Ao Phang Nga National Park
|Ao Phang Nga National Park|
Ao Phang Nga National Park
|Location||Phang Nga Province, Thailand|
|Nearest city||Phang Nga|
|Area||400 km2 (150 sq mi)|
|Established||29 April 1981|
|Visitors||999,035 (in 2019)|
|Governing body||Department of National Park, Wildlife and Plant Conservation (DNP)|
|Official name||Phang Nga Bay Marine National Park|
|Designated||14 August 2002|
Ao Phang Nga National Park (Thai: อุทยานแห่งชาติอ่าวพังงา) is in Phang Nga Province in southern Thailand. It includes coastal sections of Mueang Phang Nga District and Takua Thung District. Most of the park consists of an area of the Strait of Malacca studded with numerous limestone tower karst islands. The best known of these islands is Khao Phing Kan, popularly called "James Bond Island" because it was used as a location for the James Bond movie The Man with the Golden Gun.
The dramatic appearance of the islands with their sheer sides has made the area a popular tourist attraction. The park also protects the largest area of native mangrove forest remaining in Thailand.
The park was created by royal decree and announced in the Royal Gazette under proclamation number 98, section 64, 29 April 1981.
The effects of mass tourism on the park prompted Fodor's Travel to place the park on their "No List" for 2018, suggesting that tourists skip the park in order to allow it to recuperate from being loved to death.
According to its structure and geomorphology, it is a mountain range that originated approximately between the Cretaceous and the early Tertiary period, approximately 136-36 million years ago. It is also the result of a structural feature known as fault. "Khlong Marui fault" and "Phang Nga fault." There are also sedimentary rock and metamorphic mountains interspersed in line, especially in the limestone mountains. As a result of this change in the natural environment, many holes or caves are formed.
Prehistoric evidence of human habitation was discovered in 1987 at Khao Tao in Phang Nga Bay National Park by a discovery of human burial grounds. By study fossils of shells in caves and rocks on islands in Phang Nga bay, it was found that during the Pleistocene and early Holocene epochs, about 11,000 years ago, sea levels dropped significantly during the Ice Age. The rocky mountains that are islands as seen today are mostly on the upland. Around 7,500-8,500 years ago, the sea level gradually rose to around 4.5 meters above current sea level. Around 4,000-5,000 years ago, sea levels interchangeably rose and fell. Around 2,700-3,700 years ago, sea level was relatively stable but were 1.5 and 2.5 meters higher than the present. Around 1,500 years ago, the sea level was 1.5 meters higher than the present.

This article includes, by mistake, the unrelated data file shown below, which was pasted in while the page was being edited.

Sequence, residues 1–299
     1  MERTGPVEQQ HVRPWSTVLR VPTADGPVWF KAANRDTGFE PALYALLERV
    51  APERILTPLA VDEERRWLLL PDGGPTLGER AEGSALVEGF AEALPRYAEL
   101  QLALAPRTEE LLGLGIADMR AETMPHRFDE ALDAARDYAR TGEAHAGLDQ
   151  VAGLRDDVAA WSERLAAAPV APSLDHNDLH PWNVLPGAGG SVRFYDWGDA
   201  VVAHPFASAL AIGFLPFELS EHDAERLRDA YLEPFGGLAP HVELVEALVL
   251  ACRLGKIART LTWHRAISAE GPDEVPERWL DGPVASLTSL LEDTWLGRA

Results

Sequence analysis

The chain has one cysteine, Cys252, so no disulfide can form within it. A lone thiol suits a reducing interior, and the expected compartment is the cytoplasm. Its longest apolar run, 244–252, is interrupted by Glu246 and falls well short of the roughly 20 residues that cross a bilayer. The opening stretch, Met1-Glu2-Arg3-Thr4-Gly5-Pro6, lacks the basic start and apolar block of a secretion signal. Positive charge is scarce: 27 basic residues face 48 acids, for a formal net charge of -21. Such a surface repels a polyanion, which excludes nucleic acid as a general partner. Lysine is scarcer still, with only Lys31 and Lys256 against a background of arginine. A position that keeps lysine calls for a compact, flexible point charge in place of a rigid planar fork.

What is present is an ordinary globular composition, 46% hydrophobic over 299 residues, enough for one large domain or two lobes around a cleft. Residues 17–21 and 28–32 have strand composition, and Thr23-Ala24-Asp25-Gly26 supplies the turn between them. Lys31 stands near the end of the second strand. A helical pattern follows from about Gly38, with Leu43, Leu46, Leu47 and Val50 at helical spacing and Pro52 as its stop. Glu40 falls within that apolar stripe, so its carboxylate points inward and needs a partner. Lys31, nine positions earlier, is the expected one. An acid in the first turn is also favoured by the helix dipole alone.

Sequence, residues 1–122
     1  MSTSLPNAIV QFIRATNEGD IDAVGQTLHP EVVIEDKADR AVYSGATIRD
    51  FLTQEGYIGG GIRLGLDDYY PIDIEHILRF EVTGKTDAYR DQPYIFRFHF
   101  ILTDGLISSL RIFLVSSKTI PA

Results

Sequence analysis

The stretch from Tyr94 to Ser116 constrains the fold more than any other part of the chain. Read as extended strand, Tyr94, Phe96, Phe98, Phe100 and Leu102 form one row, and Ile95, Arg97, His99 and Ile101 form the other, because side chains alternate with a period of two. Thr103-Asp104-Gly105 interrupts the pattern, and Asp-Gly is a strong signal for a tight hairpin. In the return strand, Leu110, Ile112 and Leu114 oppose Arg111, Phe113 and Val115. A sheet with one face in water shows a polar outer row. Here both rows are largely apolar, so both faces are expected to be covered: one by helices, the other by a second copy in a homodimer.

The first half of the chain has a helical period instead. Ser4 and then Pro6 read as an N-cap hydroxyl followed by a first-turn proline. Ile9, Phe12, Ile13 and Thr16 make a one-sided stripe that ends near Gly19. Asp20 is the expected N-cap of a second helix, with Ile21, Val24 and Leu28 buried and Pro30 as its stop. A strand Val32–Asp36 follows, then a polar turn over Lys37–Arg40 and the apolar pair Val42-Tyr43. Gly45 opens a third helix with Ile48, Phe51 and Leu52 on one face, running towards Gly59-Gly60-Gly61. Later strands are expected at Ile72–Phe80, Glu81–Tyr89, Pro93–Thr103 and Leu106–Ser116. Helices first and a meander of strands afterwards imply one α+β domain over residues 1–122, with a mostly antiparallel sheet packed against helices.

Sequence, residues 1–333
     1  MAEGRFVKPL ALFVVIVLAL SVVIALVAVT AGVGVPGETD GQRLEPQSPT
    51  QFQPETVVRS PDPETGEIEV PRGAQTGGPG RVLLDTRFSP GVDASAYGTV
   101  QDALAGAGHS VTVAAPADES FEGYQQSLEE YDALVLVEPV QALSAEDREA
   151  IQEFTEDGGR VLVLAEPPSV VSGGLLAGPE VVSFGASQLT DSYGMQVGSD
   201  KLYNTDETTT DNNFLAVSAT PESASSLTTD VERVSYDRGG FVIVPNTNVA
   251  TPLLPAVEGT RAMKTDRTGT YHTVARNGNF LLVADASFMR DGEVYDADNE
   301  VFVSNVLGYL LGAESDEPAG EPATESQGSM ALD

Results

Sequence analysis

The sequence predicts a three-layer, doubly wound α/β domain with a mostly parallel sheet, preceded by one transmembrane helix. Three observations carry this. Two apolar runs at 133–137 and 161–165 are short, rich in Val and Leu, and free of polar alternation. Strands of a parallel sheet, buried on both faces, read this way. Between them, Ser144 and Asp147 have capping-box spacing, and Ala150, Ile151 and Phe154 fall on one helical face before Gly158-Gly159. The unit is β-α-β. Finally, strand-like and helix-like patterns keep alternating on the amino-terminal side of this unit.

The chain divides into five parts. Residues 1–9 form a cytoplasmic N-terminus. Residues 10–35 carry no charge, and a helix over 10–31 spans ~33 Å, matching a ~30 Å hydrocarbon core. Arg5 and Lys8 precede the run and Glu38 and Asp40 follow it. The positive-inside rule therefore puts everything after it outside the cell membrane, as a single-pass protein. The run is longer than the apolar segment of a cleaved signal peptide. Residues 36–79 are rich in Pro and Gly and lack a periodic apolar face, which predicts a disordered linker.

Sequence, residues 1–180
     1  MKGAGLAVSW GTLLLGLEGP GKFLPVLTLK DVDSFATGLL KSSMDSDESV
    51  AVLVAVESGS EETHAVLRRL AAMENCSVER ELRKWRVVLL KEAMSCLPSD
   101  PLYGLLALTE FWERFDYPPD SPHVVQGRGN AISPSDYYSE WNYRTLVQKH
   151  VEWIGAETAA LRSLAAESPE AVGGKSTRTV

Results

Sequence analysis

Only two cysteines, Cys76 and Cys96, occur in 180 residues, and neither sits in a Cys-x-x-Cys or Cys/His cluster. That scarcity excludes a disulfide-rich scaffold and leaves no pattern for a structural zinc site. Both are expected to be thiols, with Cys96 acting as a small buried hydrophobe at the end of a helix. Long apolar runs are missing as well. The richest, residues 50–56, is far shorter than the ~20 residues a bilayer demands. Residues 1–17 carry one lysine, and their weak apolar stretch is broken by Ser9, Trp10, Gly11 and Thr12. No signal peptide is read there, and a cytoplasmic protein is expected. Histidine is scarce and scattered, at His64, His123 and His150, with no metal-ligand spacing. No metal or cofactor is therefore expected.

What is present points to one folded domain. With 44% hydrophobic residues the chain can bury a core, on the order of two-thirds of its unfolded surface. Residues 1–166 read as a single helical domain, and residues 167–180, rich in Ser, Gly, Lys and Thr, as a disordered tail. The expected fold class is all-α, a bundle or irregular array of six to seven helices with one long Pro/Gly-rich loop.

Flora and Fauna
Within Ao Phang-nga contains one of the largest and best-preserved mangrove forests in Thailand.
The forest has important functions in the coastal ecosystem, such as a natural storm barrier and a breeding ground for marine living animals.
Common plant species in the mangrove forest are Rhizophora apiculata, Rhizophora mucronata, Avicennia alba, Avicennia officinalis, Bruguiera cylindrica, Bruguiera parviflora, and the cannonball trees Xylocarpus granatum and Xylocarpus moluccensis. Inside the islands, tropical rainforest grows with species such as Hopea ferrea, the pea plant Parkia timoriana, and Acacia catechu, the mulberry tree Artocarpus lacucha, the Clusia tree Garcinia cowa and Morinda coreia, and on more calcareous soil Colocasia gigantea, Pandanus monotheca, and Cycas ingas.
An inventory in 1991 resulted in 206 animal species, divided into 17 mammal species, 88 bird species, 18 reptile species, 3 amphibians, 24 fish species and 45 other marine animals.
- "Phang Nga Bay Marine National Park". Ramsar Sites Information Service. Retrieved 25 April 2018.
- "Ao Phang-nga National Park". National Park website. Archived from the original on 20 October 2014. Retrieved 24 November 2014.
- "Thailand: Ko Khao Phing Kan (James Bond Island), Ao Phang Nga (Phangnga Bay) National Park, Phang Nga Province". Pictures from History. Retrieved 24 November 2014.
- "Tourism Statistic". Archived from the original on 2013-01-16. Retrieved 2012-08-13.
- "Fodor's No List 2018". Fodor's Travel. 2017-11-15. Retrieved 31 December 2017.
- National Parks in Thailand (PDF). dnp.go.th. 2006. ISBN 9742860874. Archived from the original (PDF) on 2013-05-23. Retrieved 2021-02-17.
|Wikimedia Commons has media related to Ao Phang Nga National Park.|
- Ao Phang Nga National Park travel guide from Wikivoyage